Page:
Reviews

Album Review: Erik Hassle’s “Innocence Lost” Finds Its Cool

Usually, when we think of  innocence lost, it seems like a tragedy. It is presumed innocence leaves from the pain that enters. Yet, Erik Hassle’s Innocence Lost is a musical display that innocence lost is not simply about tragedy but a choice: to be good or to bad. The album is laced with a mischief as Hassle seemingly encounters, in sound and characters, an atmosphere that is about looking at life from a lustful lens and leaving consequence for another to handle.

With rhythms that beat like the bright city nights you encounter with friends, Hassle’s debut record is an earful of seduction. The Swedish soul-pop star has been growing in attention because his rhythms, literally, connect with listeners in an instant. Each of Innocence Lost’s songs was produced in excellence, and created to give listeners’ the immediate satisfaction you feel when a goof rhythms begins. There is no arguing that each track will make you dance or cast over you a drape of “oooh’s” and “aaaah’s” that you exclaim from how impressed you are with its sonics. A “popified” blend of house, trap, and electro give the the album a range of drumming synths that come off like the march one makes into a club. It is vibrant enough to inspire the quick energy Hassle aims for in ambiance, but heavy enough to also set in motion the moral dilemmas he lyrically encounters. Innocence Lost seems to be series of encounters between Hassle and the choices you make to give into darker desires.


Innocence Lost  starts out bright with the song “No Words” that feels like a bunch of street lights have been lit as you walk towards the club/night that will change your life. It is a youthful, vibrant track that sets the sonic stage of Innocence Lost as a Millennial mix. This entire records sounds like the present landscape of music with no past influences beyond today. Yet, the lighter, modern sounds are to juxtapose Hassle’s darker, universal lyrics. Songs like “Pathetic,” “Innocence Lost (feat Tinashe)”, and “If Your Man Only Knew” are all about the dangerous covets either Hassle or the “object of his affection” have for each other. Why dangerous? Because when you are in a relationship but dream of another, an emotional danger begins to tidal within you like a tsunami. The tension of lust begins to build in songs like  “Talk About It (feat Vic Mensa)” and “Breaking The Waves” which are all about the ambiguity of love in its labels and its stresses. You can mean the world to someone and vice versa, but also have no clue where you stand with them. Songs like “Silver & Gold” and “All Of You All Over Me” up the sensuality of the album, which courses through every song even in the most tumultuous ones such as, “TKO” and “FTPA”. Both songs have words  like “scars”, “blame” and “pain” as a thematic show that the destruction you feel towards yourself can only be healed or numbed. These are deep notions to contrast the airy feel his beats give you, but Hassle has a voice that etches the intensity of his lyrics.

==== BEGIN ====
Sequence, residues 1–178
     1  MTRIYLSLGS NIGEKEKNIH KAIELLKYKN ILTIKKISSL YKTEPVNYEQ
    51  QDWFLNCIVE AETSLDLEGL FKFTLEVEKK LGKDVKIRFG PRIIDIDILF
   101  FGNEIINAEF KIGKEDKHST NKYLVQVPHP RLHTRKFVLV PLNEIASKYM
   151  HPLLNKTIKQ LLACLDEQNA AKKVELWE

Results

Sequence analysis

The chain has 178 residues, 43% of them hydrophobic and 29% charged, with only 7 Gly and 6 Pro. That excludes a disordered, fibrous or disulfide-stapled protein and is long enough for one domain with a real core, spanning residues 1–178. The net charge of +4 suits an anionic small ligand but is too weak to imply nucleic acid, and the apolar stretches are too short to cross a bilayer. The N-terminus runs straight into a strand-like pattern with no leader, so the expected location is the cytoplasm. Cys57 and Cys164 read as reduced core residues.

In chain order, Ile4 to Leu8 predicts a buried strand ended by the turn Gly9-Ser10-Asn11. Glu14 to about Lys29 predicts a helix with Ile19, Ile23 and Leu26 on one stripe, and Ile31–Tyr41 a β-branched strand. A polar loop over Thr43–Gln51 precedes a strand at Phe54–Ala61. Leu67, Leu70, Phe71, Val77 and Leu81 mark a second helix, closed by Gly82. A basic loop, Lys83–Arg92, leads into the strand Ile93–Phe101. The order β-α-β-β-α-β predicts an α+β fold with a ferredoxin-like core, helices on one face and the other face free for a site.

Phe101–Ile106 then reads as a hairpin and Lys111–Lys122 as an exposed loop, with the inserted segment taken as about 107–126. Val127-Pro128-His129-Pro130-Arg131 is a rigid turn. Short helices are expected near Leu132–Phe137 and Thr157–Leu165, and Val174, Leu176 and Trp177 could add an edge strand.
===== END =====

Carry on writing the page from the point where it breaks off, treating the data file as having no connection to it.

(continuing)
For Hassle, lust never leaves even when you are trying to decide how you like or whether you love someone like in “Missing You”.  It is a tearing notion Hassle shows through the nuances of his vocals. While Hassle has a great voice, he distinguishes himself by how he uses it show the sword of passion he feels for the world/women around him. He wants his sonics to meet his hurt, which explains why they can have darker undertones. Yet, everyone can dance while in internal pain, which is why he intricately arranges his music to meet the lyrical/ emotional highs and lows he undergoes throughout the record. In a way, Innocence Lost is a soulful tale and look into what happens when you want someone you cannot have or feel like you are someone that is not to be wanted; your innocence is lost, and your unclear thoughts can lead to unclear decisions. To Buy Innocence Lost On January 27 and To Learn More About Erik Hassle Click Here.